The neurobiology of memory has taken on a new look over the past decade. Re-discovery of cue-dependent amnesia, wide availability of functional imaging tools and increased dialog among clinicians, cognitive psychologists, behavioral neuroscientists, and neurobiologists have provided impetus for the search for new paradigms for the study of memory. Memory is increasingly viewed as an open-ended process, with retrieval being recognized as an intricate part of the encoding process. New memories are always made on the background of past experience, so that every consolidation is, in fact reconsolidation, serving to update and strengthen memories after retrieval. Spontaneous reactivation of memory circuits occurs during sleep and there is converging evidence from rodent and human studies that this is an important part of the extended off-line memory processing. The noradrenergic neuromodulatory system is engaged at retrieval, facilitating recall. The noradrenergic system is also activated during sleep after learning and noradrenergic neurons fire in concert with cortical oscillations that are associated with reactivation of memory circuits. We suggest that the noradrenergic system and perhaps other neuromodulatory systems, may be a key to linking off-line memory reactivation, retrieval, and memory reconsolidation processes at both synaptic and systems levels, in and out of sleep. © 2010 Sara.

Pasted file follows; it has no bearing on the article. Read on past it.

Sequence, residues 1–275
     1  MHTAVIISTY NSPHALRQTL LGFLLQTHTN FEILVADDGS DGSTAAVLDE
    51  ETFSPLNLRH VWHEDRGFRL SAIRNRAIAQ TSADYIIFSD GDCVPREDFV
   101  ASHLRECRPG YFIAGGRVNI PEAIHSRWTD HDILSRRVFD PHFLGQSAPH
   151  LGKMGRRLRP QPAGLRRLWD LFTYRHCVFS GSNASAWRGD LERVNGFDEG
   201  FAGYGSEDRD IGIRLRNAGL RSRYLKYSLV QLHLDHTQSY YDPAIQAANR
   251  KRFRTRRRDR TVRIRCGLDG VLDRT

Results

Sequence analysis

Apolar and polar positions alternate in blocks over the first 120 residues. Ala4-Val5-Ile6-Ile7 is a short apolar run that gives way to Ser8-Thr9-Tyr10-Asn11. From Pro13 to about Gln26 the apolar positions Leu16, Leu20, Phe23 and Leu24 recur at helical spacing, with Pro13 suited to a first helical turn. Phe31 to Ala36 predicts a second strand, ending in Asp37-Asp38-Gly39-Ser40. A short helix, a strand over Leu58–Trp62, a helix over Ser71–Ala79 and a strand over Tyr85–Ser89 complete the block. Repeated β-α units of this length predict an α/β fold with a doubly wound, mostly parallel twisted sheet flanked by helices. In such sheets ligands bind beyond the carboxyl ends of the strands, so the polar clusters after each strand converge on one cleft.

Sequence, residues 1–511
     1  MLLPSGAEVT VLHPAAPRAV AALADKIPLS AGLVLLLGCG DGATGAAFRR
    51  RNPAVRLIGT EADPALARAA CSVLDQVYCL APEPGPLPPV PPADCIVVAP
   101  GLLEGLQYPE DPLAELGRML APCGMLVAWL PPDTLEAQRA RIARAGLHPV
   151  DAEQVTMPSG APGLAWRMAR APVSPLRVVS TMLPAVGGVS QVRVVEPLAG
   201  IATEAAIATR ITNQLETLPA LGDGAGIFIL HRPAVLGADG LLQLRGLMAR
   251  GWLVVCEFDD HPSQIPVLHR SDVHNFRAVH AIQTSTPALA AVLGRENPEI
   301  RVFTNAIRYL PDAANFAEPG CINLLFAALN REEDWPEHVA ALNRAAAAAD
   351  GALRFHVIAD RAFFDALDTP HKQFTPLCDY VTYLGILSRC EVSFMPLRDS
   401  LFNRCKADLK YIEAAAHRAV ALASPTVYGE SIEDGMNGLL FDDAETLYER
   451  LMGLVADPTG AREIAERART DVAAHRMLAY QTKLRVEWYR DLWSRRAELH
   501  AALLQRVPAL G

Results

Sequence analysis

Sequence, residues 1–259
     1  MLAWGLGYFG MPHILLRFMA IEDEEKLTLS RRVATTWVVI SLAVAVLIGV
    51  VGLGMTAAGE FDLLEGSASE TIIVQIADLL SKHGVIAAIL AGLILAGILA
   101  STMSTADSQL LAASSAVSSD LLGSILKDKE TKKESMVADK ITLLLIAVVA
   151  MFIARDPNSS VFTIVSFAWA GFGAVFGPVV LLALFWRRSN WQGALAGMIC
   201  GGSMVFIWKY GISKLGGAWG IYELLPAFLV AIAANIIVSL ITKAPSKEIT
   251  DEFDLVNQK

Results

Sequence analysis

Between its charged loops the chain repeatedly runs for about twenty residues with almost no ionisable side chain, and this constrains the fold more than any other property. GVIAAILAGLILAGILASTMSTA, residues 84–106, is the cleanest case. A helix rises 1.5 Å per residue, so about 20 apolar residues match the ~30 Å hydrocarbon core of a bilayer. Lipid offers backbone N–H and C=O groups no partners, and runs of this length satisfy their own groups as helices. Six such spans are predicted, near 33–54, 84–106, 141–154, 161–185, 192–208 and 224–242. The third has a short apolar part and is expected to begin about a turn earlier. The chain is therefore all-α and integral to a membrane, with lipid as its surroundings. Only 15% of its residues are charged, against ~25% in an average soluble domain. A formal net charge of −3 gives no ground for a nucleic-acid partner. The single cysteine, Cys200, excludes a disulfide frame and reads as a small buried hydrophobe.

Sara, S. J. (2010). Reactivation, Retrieval, Replay and Reconsolidation in and Out of Sleep: Connecting the Dots. Frontiers in Behavioral Neuroscience, 4. https://doi.org/10.3389/fnbeh.2010.00185